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Alleged US-led strikes target ISIS near besieged Syrian border town

Warplanes allegedly sent by a U.S.-led coalition early Tuesday may not be enough to slow the Islamic State of Iraq and Syria's shelling of a Syrian border town.

Warplanes allegedly sent by the U.S.-led coalition early Tuesday helped slow the shelling of a Syrian border town by the Islamic State of Iraq and Syria (ISIS), a Turkish official said. But airstrikes alone will likely not be enough to overcome the ISIS forces, analysts tell NBC News.

Journalists reportedly heard the sound of jet engines and saw large plumes of smoke arise from Kobani, the Associated Press reported Tuesday morning. The fighter jets are thought to belong to the United States and its allies who are attempting to strike positions held by ISIS in the area. The militants on Monday took over the eastern part of Kobani, where they have been battling Kurdish forces for control.

In recent weeks, the United States and its allies have launched limited airstrikes near Kobani to help Kurdish forces trying to maintain control. If confirmed, the strikes near Kobani suggest that U.S. efforts to "degrade and destroy" ISIS are underway. But the U.S. must intensify those strikes if it hopes to stave off a "slaughter" of "tens of thousands" in the city, foreign affairs expert David Phillips told NBC News.

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Despite the strikes Tuesday, Turkish President Tayyip Erdogan called for greater cooperation with the Syrian opposition because he said the coalition air campaign won't be sufficient enough to halt future advances by ISIS. Turkey, which is among the more than 40 nations that have joined the international coalition, is the first country to authorize the deployment of ground troops.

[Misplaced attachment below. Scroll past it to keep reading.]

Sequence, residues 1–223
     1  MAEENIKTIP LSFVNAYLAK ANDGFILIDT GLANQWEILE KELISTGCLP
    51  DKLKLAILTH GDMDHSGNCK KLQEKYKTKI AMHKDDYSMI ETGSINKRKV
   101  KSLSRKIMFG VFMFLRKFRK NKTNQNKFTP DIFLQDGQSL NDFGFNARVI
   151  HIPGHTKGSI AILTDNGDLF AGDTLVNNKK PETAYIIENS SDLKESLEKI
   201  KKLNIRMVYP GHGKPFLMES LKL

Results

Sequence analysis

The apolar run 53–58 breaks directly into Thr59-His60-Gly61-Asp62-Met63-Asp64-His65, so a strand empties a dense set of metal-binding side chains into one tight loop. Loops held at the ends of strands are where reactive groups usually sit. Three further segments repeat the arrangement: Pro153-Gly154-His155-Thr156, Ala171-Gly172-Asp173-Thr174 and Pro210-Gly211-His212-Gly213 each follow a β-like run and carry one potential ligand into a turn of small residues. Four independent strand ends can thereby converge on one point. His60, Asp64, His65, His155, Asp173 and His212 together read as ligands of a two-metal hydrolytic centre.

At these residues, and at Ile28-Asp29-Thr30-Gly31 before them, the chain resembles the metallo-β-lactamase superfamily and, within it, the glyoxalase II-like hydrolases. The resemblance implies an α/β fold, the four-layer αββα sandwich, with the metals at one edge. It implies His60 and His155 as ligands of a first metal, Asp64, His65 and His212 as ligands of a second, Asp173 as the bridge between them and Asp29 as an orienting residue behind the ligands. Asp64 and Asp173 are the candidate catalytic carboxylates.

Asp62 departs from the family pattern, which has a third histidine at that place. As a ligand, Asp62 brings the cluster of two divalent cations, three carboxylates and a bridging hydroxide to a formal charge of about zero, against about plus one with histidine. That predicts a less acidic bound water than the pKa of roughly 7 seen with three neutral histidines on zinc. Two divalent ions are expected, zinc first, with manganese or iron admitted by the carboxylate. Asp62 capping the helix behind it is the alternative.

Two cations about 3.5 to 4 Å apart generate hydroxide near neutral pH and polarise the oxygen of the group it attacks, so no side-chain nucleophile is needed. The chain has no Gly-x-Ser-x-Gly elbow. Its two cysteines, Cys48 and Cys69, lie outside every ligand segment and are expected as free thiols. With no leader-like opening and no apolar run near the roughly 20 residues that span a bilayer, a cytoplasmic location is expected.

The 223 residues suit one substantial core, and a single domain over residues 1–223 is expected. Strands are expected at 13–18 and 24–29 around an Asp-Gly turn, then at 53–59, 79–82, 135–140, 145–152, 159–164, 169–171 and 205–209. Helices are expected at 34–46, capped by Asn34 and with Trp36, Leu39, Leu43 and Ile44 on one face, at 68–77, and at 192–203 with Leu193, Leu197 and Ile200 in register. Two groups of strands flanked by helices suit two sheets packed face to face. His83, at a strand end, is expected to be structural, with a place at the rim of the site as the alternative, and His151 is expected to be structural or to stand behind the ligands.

ISIS has taken control of other large areas of Syria and northern Iraq. U.S.-led military attacks against the group continue, after weeks of launches that initially began last month with action from the United States and five allied Arab nations. Since the first strikes, the coalition has attacked ISIS-controlled oil refineries, vehicles, weapon caches, and troop positions.

The militant group has also inspired a rash of alleged terrorist plots around the world, prompting numerous law enforcement operations to counter them. On Tuesday, British police in London arrested four men, who are accused of plotting a terror attack. The detainment searches were part of an ongoing investigation into Islamic-related terrorism, according to police.

Over the weekend, FBI agents arrested a 19-year-old U.S. citizen from Chicago for attempting to travel to Turkey allegedly to join ISIS. Mohammed Hamzah Khan now faces charges of attempting to provide material support to a foreign terrorist organization.

Last week, ISIS militants executed British aid worker Alan Henning, and threatened the life of Peter Kassig, a 26-year-old U.S. citizen who is being held captive. The group also beheaded three other Westerners, American journalists James Foley and Steven Sotloff, and British aid worker David Haines. A French tourist was similarly killed in September by an Algerian terrorist group aligned with ISIS.